As an initial examination of this idea, the researchers asked people to report their wealth and also gave them a questionnaire that measures savoring ability. They found a negative relationship: people with more money tended to be worse at savoring life’s pleasures. This is of course just a correlation, but in two clever follow-up experiments, Quoidbach and colleagues found evidence for a causal link between money and savoring. In one, research participants were shown a questionnaire that also had a picture of a stack of money on it (this is a technique that has been used successfully in other studies to get people into the mindset of thinking about money). People in a control condition were shown the same image, but it was blurred beyond recognition. Next, all participants filled out the “Savoring Positive Emotion Scale,” which presents six hypothetical scenarios meant to elicit feelings of contentment (e.g., finishing an important task), joy, awe (e.g., hiking and seeing a beautiful waterfall), excitement, pride, and gratitude. After each scenario, participants were given eight possible reactions and asked to indicate the ones they think would best characterize their typical response. Interestingly, the subjects who were exposed to the picture of money picked responses that were less indicative of the four components of savoring. In line with the earlier correlational result, thinking about money actually caused people to savor positive things in life less.

These results aren’t just relegated to self-reported savoring ability. In a follow-up study, Quoidbach and colleagues showed that reminding people of money made them savor a positive experience less on a behavioral level: participants in the “money” condition spent less time eating a piece of chocolate, and also showed significantly less enjoyment while eating the chocolate.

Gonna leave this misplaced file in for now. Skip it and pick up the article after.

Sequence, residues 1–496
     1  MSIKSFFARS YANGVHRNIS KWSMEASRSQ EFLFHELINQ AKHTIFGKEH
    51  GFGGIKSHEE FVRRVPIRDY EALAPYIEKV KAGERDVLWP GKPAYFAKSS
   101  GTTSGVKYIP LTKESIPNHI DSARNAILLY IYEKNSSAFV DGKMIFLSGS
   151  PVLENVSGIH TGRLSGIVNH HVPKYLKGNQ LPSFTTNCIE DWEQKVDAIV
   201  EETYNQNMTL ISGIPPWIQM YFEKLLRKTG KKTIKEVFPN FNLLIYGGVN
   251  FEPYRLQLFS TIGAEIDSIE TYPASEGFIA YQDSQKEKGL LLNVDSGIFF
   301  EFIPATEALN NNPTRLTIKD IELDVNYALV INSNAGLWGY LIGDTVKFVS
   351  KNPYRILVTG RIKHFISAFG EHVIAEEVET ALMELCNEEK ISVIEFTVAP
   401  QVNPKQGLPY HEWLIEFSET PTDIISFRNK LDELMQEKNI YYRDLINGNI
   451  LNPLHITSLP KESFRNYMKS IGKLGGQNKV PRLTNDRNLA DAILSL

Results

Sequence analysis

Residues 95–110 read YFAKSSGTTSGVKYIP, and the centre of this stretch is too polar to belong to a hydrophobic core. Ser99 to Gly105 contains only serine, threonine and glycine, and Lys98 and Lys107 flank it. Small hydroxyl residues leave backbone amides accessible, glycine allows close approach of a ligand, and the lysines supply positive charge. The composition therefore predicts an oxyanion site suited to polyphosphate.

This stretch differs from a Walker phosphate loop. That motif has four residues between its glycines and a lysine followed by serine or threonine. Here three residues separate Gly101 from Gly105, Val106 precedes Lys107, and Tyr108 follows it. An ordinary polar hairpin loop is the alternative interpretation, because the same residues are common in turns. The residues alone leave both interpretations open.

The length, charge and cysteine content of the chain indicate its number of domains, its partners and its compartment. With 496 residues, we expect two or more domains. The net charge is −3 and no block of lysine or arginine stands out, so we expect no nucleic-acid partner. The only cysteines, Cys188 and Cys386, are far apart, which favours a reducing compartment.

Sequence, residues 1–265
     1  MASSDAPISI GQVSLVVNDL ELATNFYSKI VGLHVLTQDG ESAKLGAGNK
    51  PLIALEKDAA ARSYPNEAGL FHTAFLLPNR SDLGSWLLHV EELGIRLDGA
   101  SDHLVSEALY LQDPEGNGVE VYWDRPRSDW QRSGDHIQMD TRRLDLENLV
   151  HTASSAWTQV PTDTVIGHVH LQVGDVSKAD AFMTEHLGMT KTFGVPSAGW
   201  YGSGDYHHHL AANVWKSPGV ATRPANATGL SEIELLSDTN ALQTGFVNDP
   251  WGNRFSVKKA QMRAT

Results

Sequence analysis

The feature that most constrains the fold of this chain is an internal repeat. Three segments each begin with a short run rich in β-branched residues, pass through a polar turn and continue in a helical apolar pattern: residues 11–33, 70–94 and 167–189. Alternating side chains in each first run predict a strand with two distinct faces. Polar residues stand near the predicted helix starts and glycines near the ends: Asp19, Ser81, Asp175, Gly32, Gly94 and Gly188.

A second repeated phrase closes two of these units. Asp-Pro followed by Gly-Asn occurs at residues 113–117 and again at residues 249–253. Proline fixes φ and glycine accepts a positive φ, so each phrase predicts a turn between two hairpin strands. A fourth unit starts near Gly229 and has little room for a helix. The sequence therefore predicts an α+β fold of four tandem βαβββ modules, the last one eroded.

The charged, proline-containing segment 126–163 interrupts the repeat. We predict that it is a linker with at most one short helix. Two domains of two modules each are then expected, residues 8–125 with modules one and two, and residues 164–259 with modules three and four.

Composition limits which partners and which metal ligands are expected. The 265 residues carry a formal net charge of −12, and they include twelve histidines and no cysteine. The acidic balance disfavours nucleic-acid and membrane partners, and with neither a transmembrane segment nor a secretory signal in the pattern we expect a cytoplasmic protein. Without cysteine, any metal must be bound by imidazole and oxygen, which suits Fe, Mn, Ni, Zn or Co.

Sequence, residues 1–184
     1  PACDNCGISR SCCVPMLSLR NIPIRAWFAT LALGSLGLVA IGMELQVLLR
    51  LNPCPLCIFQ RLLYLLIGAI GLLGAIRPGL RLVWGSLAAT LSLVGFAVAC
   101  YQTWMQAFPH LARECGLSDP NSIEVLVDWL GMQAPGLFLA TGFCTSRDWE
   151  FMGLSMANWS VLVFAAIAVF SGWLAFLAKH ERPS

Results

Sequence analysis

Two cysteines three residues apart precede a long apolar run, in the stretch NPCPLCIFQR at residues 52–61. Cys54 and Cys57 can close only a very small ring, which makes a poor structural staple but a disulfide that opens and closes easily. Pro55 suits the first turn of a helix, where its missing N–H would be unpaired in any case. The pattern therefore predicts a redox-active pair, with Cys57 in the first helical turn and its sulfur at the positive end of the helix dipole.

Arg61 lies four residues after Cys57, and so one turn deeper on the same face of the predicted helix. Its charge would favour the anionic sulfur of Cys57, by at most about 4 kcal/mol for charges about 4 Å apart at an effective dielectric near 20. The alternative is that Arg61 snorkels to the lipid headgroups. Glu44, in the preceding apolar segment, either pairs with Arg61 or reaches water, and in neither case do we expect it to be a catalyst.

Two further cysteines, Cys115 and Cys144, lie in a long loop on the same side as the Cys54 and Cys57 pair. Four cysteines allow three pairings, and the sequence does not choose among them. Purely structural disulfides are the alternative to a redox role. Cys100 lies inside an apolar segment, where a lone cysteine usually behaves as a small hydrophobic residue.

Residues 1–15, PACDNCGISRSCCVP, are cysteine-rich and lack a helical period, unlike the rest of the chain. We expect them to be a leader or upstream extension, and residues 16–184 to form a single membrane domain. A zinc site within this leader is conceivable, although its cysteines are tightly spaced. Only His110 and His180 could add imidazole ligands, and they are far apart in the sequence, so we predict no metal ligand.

But the authors had also asked the research participants in the first study to report how much wealth they currently had as well as how happy they were. Replicating previous work, they found that there was a small, but significant link between happiness and wealth. They also found that there was a strong negative relationship between wealth and savoring (as discussed earlier). So, if happiness and wealth are weakly positively related, and wealth and savoring are negatively related, the possibility exists that savoring may actually “suppress” the relationship between happiness and wealth. Using regression models, researchers can examine whether the presence of one variable can actually enhance the relationship between two other variables (that is, whether it acts as a suppressor). Indeed, the relationship between happiness and wealth became significantly stronger when accounting for savoring ability. In plain English, there may in fact be a strong relationship between happiness and wealth, but only if we consider the ability of people to savor positive events. Yes, money can buy lots of good times, but without the tendency to savor those things, happiness won’t necessarily follow.

One thing that I find intriguing about this line of research is that it also potentially speaks to one of the reasons why people may be nostalgic for childhood and youth. Being younger, after all, means experiencing many novel things. And presumably, each of those new experiences is met with some degree of savoring (anticipation, excitement in the moment, discussion afterward, etc.). But as people move through life and more similar experiences are accrued, it becomes increasingly difficult to stop and appreciate each one as if it was novel again. Relatedly, such findings may help explain why older adults are happier than their younger counterparts. As time grows increasingly scarce, research has found that people tend to focus on emotional goals, rather than information-related goals. But it may also be the case that as people run out of time, they find more ways to savor the positive events that they do experience.  

Hal E. Hershfield, Ph.D. is an Assistant Professor of Marketing at New York University's Stern School of Business.